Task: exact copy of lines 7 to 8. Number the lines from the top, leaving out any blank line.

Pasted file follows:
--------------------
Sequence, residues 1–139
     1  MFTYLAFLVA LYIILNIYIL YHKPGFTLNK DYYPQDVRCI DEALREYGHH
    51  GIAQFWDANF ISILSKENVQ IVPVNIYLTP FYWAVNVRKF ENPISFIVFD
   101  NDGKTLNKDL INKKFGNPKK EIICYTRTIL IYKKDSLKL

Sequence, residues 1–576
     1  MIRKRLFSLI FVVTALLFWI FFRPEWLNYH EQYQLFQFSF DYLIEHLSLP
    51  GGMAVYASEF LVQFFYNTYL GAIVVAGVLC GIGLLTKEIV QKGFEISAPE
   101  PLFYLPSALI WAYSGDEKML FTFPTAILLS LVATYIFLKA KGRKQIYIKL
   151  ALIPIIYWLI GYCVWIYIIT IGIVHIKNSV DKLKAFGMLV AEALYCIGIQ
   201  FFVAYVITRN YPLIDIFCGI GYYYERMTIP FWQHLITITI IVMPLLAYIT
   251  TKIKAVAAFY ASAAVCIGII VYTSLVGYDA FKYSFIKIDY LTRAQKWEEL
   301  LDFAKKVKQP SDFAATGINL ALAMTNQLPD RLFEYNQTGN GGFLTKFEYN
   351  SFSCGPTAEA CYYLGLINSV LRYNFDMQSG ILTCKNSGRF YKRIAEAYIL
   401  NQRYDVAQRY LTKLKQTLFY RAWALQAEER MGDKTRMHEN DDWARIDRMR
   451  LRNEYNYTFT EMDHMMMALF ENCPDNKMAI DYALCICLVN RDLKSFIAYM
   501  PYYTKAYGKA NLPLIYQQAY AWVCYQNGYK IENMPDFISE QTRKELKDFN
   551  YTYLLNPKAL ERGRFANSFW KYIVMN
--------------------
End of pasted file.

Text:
    51  GGMAVYASEF LVQFFYNTYL GAIVVAGVLC GIGLLTKEIV QKGFEISAPE
   101  PLFYLPSALI WAYSGDEKML FTFPTAILLS LVATYIFLKA KGRKQIYIKL